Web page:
Via a university newspaper, I first became aware a couple of days ago of a proposed Texas state budget provision "requiring state colleges and universities that use state funds to support 'a gender and sexuality center' to spend an equal amount to promote 'family and traditional values'." The amendment was proposed by Representative Wayne Christian and passed by a margin of 110-24. Christian identified the source of his consternation as centers "for students focused on gay, lesbian, homosexual, bisexual, pansexual, transsexual, transgender, gender questioning, or other gender identity issues."
Inside Higher Ed has more on the story, including the observation that "Lawmakers supporting the bill have said that they favor only equal time for all kinds of sexuality" (Because cisgender heterosexual people aren't getting their fair share of time or money... or something).
But the Inside Higher Ed article and the school newspaper make it clear that other supporters are honest about their ultimate goal--getting rid of centers "that serve gay and lesbian students":
[T]he Young Conservatives of Texas, a group that worked with Christian on the legislation, did so with the hope that public colleges would respond to a law, if the bill passes, by ending support for existing centers. Tony McDonald, senior vice chairman of the group and a law student at UT Austin, said in an interview that "we could try to get these groups defunded" in a law, but that the equal funding approach was viewed as more likely to pass (perhaps with the same impact).
And from the school newspaper:
"State funding and student fees should not fund any university minority or political group whether it be black, white, gay, etc," John McClellan, Christian's Chief of Staff, said. "This amendment is just one step in the process towards getting rid of these centers."
The argument seems to be that traditional family values*, whatever the hell those are, and heterosexuality are in danger because of a conspiracy to "promote" homosexuality. Wherein promoting homosexuality is roughly equivalent to daring to exist as a gay person.
Poor Tony McDonald of the Young Conservatives of Texas is distraught that ""If I were to walk through UT law school with a shirt on that said, 'Homosexuality is immoral,' if I were to do that, there would be an uproar. People would be upset, and it would be considered out of place and not acceptable to do that. I'd probably get a talking to. But if you go through campus to promote homosexuality, that is the norm."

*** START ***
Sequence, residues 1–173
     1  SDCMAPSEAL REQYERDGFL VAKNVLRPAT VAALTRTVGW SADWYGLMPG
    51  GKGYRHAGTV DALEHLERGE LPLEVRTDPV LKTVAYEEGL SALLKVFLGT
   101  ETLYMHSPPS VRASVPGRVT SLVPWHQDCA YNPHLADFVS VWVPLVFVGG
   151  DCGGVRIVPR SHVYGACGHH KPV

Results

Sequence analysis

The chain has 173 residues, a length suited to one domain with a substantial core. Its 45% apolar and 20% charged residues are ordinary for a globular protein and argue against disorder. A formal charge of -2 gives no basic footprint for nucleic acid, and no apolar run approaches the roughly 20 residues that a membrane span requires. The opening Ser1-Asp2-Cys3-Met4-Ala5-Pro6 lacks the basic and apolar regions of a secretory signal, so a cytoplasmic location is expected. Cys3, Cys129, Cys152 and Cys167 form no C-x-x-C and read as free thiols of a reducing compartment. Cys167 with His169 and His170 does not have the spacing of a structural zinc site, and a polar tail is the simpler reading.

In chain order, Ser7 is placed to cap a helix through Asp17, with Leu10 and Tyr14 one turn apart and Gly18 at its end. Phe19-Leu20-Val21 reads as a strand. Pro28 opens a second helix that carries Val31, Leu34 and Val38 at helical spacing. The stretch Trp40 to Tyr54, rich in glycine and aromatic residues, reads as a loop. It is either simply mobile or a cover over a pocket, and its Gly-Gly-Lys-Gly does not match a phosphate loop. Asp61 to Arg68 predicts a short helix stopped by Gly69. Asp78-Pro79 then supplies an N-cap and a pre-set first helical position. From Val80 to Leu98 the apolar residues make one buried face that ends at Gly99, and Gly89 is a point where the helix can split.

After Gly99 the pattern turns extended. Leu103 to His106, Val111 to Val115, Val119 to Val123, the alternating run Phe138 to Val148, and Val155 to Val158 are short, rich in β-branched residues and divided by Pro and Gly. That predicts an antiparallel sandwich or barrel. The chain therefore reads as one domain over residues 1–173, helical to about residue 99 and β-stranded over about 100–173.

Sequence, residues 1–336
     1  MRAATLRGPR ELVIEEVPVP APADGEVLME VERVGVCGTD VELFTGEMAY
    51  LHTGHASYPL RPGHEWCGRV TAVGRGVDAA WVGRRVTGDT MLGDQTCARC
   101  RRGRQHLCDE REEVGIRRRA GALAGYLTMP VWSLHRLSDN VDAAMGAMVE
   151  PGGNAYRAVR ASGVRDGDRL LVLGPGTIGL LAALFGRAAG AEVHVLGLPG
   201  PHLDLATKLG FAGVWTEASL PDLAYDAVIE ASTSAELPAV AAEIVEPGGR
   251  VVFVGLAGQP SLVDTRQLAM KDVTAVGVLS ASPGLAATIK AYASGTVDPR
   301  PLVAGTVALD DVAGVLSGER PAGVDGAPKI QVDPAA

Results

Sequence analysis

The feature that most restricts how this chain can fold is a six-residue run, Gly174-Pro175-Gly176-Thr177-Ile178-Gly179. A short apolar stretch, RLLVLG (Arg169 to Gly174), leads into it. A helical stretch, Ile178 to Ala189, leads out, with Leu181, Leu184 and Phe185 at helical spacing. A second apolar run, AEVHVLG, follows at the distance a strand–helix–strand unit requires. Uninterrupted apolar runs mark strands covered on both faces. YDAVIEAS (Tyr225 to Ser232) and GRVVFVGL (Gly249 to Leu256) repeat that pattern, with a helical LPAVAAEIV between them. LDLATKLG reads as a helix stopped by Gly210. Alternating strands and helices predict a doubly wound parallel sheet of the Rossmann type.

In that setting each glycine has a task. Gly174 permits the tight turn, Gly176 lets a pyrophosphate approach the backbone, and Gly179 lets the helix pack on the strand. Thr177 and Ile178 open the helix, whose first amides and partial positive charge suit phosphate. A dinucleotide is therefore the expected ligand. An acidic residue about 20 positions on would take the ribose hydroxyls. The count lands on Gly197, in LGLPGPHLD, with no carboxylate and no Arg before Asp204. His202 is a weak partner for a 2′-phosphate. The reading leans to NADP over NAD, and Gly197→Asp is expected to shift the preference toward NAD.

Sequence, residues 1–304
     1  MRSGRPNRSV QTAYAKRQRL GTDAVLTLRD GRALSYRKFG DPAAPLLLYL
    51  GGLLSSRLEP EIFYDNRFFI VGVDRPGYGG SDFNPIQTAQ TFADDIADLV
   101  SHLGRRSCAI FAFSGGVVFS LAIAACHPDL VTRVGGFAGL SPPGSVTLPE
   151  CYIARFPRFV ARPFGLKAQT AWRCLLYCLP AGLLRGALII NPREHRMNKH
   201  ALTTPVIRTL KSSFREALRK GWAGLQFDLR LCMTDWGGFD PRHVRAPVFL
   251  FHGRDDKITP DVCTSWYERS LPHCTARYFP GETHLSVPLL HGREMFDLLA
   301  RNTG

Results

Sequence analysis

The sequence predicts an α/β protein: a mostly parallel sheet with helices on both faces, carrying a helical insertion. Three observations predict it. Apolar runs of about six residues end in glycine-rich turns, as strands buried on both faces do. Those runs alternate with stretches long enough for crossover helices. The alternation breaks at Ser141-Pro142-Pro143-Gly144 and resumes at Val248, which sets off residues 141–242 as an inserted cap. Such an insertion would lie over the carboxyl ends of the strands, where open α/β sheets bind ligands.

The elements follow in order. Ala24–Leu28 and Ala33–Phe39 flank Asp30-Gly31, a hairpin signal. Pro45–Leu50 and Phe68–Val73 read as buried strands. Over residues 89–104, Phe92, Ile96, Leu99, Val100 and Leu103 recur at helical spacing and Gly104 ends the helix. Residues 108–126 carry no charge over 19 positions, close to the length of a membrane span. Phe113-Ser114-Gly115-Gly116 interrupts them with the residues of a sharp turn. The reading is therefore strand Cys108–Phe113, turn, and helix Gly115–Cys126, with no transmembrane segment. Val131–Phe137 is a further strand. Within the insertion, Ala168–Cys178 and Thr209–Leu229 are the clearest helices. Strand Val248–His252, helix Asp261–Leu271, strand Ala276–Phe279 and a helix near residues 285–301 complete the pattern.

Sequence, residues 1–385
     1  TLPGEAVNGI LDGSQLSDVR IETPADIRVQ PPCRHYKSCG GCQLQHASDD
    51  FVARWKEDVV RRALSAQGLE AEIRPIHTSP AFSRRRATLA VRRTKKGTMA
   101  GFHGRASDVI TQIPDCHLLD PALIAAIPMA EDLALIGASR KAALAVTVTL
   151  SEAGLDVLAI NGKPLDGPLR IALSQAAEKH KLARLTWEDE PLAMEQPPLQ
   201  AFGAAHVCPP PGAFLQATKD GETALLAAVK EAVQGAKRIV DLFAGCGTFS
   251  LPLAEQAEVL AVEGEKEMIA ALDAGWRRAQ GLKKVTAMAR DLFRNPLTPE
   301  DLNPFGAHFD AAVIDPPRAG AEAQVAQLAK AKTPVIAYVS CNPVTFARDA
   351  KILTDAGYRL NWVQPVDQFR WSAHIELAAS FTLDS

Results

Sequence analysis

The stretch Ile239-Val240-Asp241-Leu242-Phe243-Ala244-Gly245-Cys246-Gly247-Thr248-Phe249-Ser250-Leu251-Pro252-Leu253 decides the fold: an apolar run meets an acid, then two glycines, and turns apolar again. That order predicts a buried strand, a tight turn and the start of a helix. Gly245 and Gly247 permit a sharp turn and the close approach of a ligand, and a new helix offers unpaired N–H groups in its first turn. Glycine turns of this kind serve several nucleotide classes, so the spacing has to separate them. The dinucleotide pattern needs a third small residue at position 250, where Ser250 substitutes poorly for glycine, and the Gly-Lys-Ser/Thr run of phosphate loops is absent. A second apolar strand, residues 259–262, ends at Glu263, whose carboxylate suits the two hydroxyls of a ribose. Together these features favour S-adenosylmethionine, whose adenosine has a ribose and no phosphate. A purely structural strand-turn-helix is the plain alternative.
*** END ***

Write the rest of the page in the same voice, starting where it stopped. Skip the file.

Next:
See how equivalent these things are? Being gay or supporting a university gender and sexuality center is the same as walking around wearing a t-shirt that actively promotes a hostile climate and condemns/others people.
Again, I ask where does this shit come from--these ideas that the most privileged people in our society are persecuted simply by the presence of truly marginalized people who are refusing to stay confined to those margins?! According to the article, students indicated that they just want "to create 'an equal playing field' for those who may disagree with the gay center."
Because the playing field at universities is so obviously leveled in a way that unfairly benefits gay students.
Dear Mr. McDonald, despite your (un)righteous indignation, as the Inside Higher Ed and the linked Texas Observer articles point out, there are things you will probably never have to worry about:
1. Grown ass lawmakers won't "crack jokes and guffaw" when discussing your sexuality or gender identity.
2. As the program co-ordinator for the center at Texas A & M notes,
I have never heard of any student who took their life because their college roommate outed them as being a heterosexual student.
I have never had a student come up and complain that someone comes up and out of the blue calls them a 'hetero' and slapped them, but that happens to my students, who are called 'dyke' and 'fag.'
3. No one is ever going to accuse you of promoting heterosexuality just because you exist.
4. I agree with the Observer that you probably won't have these worries on the first day you're on campus:
How will he fit in? Should he tell his new roommate about his alternative hetero lifestyle? Will he be bullied, just like he was in high school, where he was mercilessly teased for being a sexual deviant? Where does a straight person turn?
No, you'll bounce through life willfully oblivious to the ways that heterosexuality is promoted, via everything from media outlets to tax benefits, imagining yourself egregiously put out and put upon.
But it's everyone else that has a "grievance-based" identity, right?
*It would've taken another post to unpack the ongoing assumption that only people who are straight and cisgender (and to a certain extent, married/aspiring to be married) have family values and that "traditionally"/historically no one but those people have existed--I find the term "traditional" neatly and conveniently disappears the lives and experiences of a whole lot of people.